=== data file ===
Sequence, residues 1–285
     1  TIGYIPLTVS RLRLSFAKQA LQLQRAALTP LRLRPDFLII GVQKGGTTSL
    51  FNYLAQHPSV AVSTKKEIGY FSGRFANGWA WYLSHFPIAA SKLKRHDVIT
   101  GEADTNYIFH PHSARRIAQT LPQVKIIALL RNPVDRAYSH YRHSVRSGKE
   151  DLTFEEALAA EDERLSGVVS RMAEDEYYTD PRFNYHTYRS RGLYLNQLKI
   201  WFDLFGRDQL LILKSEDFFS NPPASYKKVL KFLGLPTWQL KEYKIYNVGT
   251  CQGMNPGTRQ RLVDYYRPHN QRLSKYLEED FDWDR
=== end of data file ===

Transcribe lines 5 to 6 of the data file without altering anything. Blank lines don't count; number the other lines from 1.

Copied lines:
   151  DLTFEEALAA EDERLSGVVS RMAEDEYYTD PRFNYHTYRS RGLYLNQLKI
   201  WFDLFGRDQL LILKSEDFFS NPPASYKKVL KFLGLPTWQL KEYKIYNVGT